Last week, Paul Krugman posted a chart prepared by Lawrence Mishel of the Economic Policy Institute that aimed to explain the gap between growth in compensation for the median worker and productivity growth from 1973 to 2011. Here is Krugman’s brief discussion:
Larry Mishel has a systematic breakdown of the reasons for worker income stagnation since 1973. He starts with the familiar divergence: productivity up 80 percent, the compensation (including benefits) of the median worker up only 11 percent. Where did the productivity go?
The answer is, it’s two-thirds the inequality, stupid. One third of the difference is due to a technical issue involving price indexes. The rest, however, reflects a shift of income from labor to capital and, within that, a shift of labor income to the top and away from the middle.
What this says is that widening inequality makes a huge difference. Income stagnation does not reflect overall economic stagnation; the incomes of typical workers would be 30 or 40 percent higher than they are if inequality hadn’t soared.
A few immediate questions came to mind: was the economy-wide productivity increase identical across all sectors and across all categories of workers? Mishel, to his credit, provides more detail regarding his sources. The comparison Mishel is making is between hourly compensation of production/nonsupervisory workers in the private sector and productivity for the total economy. That is, we’re talking about production workers in manufacturing and nonsupervisory workers in services. This category is not coextensive with all workers, however.
Back in 2005, Alan Reynolds of Cato observed the following:
All such comments allude to “average earnings” of production workers in manufacturing and non-supervisory workers in services. But that data series does not purport to measure hourly pay at all, much less a typical worker’s wage. The figures cover only 62 percent of all jobs, not 80 percent, if government workers and the self-employed were included. And that just begins to explain the confusion.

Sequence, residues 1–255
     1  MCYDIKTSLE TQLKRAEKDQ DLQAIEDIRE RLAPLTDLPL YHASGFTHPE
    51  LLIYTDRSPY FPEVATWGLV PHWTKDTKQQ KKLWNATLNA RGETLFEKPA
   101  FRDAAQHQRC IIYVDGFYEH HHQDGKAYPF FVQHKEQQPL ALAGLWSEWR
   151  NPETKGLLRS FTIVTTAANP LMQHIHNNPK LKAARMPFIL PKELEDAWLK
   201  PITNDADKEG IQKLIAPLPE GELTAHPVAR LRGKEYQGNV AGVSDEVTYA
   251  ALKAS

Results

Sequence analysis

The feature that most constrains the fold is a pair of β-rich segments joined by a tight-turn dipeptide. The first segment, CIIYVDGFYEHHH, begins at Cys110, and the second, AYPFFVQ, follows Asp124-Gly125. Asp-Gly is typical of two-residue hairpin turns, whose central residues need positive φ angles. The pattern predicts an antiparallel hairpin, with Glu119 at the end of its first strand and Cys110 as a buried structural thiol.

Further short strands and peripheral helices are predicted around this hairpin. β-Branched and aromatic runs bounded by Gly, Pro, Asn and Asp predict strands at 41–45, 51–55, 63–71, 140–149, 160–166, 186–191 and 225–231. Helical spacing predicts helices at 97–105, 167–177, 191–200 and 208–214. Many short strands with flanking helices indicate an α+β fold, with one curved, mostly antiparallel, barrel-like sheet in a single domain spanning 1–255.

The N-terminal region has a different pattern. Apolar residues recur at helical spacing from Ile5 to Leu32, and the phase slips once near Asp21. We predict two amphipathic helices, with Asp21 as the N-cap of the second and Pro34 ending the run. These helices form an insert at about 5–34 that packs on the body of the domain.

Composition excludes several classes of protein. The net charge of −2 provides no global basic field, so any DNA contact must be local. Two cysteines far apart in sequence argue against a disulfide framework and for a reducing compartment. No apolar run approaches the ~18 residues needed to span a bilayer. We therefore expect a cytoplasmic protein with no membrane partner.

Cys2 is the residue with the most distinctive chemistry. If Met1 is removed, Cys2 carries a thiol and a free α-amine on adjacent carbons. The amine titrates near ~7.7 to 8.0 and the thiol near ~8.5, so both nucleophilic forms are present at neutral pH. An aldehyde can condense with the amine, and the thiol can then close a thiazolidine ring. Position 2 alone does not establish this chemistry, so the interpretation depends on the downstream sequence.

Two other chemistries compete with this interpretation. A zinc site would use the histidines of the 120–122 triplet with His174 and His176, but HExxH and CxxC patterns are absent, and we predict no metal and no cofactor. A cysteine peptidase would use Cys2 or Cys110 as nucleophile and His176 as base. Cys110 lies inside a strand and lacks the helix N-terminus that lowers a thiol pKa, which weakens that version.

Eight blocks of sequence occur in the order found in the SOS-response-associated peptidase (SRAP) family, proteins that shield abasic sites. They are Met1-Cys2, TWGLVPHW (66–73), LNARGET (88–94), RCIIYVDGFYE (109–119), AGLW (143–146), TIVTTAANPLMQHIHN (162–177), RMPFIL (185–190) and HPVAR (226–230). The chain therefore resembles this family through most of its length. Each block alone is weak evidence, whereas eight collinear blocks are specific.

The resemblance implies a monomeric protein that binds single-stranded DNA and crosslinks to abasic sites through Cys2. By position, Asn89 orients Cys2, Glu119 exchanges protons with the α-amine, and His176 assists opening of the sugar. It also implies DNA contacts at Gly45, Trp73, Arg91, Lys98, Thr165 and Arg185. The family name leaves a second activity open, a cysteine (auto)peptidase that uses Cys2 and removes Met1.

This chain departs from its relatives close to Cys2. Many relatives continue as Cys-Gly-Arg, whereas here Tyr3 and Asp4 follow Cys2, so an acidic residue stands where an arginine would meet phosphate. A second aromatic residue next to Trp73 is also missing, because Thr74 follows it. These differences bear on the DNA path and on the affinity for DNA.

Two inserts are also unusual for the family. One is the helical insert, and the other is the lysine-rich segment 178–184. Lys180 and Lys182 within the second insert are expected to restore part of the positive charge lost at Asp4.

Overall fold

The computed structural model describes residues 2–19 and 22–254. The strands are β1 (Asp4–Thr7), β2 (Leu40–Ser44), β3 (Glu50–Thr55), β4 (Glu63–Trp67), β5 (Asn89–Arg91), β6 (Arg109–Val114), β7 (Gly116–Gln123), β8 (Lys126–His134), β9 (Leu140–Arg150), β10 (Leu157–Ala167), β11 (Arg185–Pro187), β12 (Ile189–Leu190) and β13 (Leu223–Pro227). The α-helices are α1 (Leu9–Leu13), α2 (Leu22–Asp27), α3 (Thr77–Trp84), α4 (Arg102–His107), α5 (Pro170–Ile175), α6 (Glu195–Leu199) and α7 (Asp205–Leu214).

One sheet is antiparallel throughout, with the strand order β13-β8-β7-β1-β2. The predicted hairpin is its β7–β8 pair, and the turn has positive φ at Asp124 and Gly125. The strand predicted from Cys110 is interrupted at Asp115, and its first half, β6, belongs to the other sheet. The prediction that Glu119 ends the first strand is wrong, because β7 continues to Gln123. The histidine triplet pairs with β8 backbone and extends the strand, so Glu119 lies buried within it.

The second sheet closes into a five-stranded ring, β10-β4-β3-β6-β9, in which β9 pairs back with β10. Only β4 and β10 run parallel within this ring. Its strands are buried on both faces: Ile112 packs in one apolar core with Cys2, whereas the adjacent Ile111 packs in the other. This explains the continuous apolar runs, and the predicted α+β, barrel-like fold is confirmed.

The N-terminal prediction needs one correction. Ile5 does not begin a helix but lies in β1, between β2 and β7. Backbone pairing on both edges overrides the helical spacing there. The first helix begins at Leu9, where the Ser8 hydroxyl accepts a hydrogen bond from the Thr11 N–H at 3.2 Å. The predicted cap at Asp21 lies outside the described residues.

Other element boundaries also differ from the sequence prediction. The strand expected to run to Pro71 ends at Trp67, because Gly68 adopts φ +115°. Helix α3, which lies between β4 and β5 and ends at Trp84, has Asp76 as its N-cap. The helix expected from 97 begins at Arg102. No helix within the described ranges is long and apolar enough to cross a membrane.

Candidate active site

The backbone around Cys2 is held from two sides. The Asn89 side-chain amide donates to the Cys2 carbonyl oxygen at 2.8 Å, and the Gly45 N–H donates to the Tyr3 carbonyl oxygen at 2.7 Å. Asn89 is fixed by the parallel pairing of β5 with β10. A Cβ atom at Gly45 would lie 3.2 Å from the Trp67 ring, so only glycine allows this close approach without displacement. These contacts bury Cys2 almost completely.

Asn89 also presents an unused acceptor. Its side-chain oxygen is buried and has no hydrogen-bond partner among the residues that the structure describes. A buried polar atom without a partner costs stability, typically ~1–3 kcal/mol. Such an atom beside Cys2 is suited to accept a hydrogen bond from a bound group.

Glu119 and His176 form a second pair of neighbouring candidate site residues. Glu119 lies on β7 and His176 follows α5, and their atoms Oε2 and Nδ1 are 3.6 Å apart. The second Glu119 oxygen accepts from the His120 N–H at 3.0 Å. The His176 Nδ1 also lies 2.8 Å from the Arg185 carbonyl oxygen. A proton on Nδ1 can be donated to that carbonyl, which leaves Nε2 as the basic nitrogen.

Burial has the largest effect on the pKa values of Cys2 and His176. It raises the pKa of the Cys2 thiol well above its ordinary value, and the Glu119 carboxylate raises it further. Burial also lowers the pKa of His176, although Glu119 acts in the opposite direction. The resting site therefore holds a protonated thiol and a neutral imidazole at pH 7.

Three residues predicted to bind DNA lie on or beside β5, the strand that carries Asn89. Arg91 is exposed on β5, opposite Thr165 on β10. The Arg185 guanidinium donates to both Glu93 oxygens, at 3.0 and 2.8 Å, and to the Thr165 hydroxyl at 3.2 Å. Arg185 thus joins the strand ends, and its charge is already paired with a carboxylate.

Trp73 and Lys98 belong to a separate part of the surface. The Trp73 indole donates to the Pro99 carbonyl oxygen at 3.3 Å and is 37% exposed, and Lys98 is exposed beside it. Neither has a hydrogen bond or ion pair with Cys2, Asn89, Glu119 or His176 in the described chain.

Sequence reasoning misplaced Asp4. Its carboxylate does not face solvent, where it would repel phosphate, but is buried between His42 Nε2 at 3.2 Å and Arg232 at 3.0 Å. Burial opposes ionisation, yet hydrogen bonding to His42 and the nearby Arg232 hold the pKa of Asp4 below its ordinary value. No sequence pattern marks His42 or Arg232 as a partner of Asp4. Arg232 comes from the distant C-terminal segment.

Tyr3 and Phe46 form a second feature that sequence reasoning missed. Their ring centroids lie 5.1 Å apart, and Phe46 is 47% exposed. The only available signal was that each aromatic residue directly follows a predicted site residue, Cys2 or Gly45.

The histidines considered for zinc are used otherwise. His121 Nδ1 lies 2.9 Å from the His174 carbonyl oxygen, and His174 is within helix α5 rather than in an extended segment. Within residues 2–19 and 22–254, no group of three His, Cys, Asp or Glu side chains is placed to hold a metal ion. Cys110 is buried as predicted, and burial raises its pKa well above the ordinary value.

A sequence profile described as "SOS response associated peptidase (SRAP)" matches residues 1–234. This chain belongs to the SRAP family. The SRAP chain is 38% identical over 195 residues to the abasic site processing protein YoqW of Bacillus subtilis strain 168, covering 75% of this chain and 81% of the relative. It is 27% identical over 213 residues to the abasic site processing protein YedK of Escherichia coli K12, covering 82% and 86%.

In fact, this data series is so misleading it is finally being phased out by the Bureau of Labor Statistics (BLS), to be replaced over the next four years by one that covers all private employees. For one thing, as the BLS explains: “the production and non-supervisory worker hours and payroll data have become increasingly difficult to collect, because these categorizations are not meaningful to survey respondents. Many survey respondents report that it is not possible to tabulate their payroll records based on the production/non-supervisory definitions.”
Not everyone will embrace Reynolds’ analysis, and I would be eager to see other estimates regarding the share of total employment accounted for by the category of production/nonsupervisory workers.
What we do know is that we’re dealing with moving targets over time. Consider, for example, the changing civilian employment-population ratio, which you’ll find at the Federal Reserve Bank of St. Louis. There was a steep increase in the ratio for most of the period covered by Mishel, presumably due to rising female labor force participation, yet there has been a pronounced decrease in recent years, due to a number factors ranging from early retirements to the continuing impact of the deterioration of the labor market prospects of less-skilled men and the associated increase in the disability rolls, etc. This doesn’t undermine the story Mishel is trying to tell, but it seems worth of note.